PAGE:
Report to Major Penderton's house for a work detail.
I'm going for a ride, Weldon.
What do you mean, "just a little scratch"?
Look at that! He's been kicked.
It's just a nick, ma'am. He ain't hurt.
Where's my boy? The boy that takes care of Firebird?
Private Williams? I guess so.
Why, ma'am, he's up at your house.
What do you mean, my house? What's he doing up there?
He's doing some work for the major.
I asked Weldon to have the garden tilled out in the back.
I've invited so many people to my party...
...they're just gonna spill out of the house.
Come on, you sweet old thing.
All right, now, private. This...
This section of woods is to be cleared here.
Take away all the undergrowth and the briar and the bushes.
Any of the limbs of the large trees growing at a level of less than six feet...
...are to be cut away. You understand?
Yes, sir. That's a level of less than six feet.
Yes, sir. Fine.
Now, your boundary will be this large oak tree here.
You won't have to clear beyond it...
...just from the edge of the grass here to the oak tree there.
I'll expect you to complete this work today.
All the tools we've got will be found in the garage.
I'll be back sometime late this afternoon.
Listen, I think that the thing we all overlook, everybody forgets...
...is that who really knows...
...what happened to her in her mind?
Nobody knows that.
Also... "Also"? Also what?
Hell, Leonora, it's been three months.
Now, she hasn't tried to do anything like that since...
...and she seems to be okay.
Oh, what does that prove, Morris?
That Alison really is all right?
Well, yes, I guess so. She hasn't tried to do it again.
How could she?
What she did is something a lady can only do once, now, isn't it?
Give me your cap. I want to pick some blackberries.
Now let's take two things Clausewitz says.
First, the theory of warfare tries to discover...
...how we make any preponderance of physical forces...
...and material advantages at a decisive point.
And two, one of the strongest weapons of offensive warfare...
...is the surprise attack.
Now, I would not like to improve on Clausewitz...
...but I would say that the night detect...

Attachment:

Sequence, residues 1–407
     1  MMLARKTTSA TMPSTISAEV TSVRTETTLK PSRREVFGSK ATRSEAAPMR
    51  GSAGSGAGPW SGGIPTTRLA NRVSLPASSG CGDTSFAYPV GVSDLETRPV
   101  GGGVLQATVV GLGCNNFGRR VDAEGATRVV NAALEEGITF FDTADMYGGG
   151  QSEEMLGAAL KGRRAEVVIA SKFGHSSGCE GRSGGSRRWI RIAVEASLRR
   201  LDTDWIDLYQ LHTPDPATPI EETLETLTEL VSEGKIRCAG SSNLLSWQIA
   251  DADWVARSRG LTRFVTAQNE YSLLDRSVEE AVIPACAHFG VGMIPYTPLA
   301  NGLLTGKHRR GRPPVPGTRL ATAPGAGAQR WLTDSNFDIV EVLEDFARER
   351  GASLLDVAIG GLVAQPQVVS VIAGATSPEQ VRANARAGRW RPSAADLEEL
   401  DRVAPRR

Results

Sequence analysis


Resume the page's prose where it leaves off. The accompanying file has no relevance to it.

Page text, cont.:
...is one of the strongest weapons of offensive warfare.
We can look to Major General Terry Allen when he commanded his forces in Africa.
He employed the night detect to the maximum.
Economy of force...
Economy of force.
Concentration, surprise, security...
...offensive action, movement, cooperation.
All of these have their application in the night operation.
Susie, I'm home!
Hi, there, soldier.
Wait a minute.
I think I'll have my drink out here.
I might as well do those invitations while I'm at it too.
...I heard you were here this morning, down at the stables.
My Firebird has been kicked.
How? That, I would like to know.
Probably by some damn mule, or maybe they put him in with the mares.
I was pretty mad about it. I asked for you.
Soldier, do you want a drink?
Want a drink, soldier?
No, ma'am. Don't you ever drink?
No, ma'am. Not ever?
There they are. All 64 of them.
I hope I haven't left anybody out.
How do you spell "cordially"?
Cordially. C-o-R-D-l-A-double L-Y.
Don't tell me I have to do them all over again.
Well, I expect you better.
What's the matter with you?
Private, the whole idea was in the big oak tree.
The instructions were to clear the ground just to the oak tree.
The way the branches swept down and made a background...
...shutting off the rest of the wood was the whole point.
Now it's all ruined.
What would the major like me to do?
Well, the major would like you to pick up the branches...
...and nail them back on again.
No, no. Just get some leaves here...
...and cover the bare spots where the bushes been removed.
Then you can go.
That's the boy from the stables, the one that takes care of Firebird.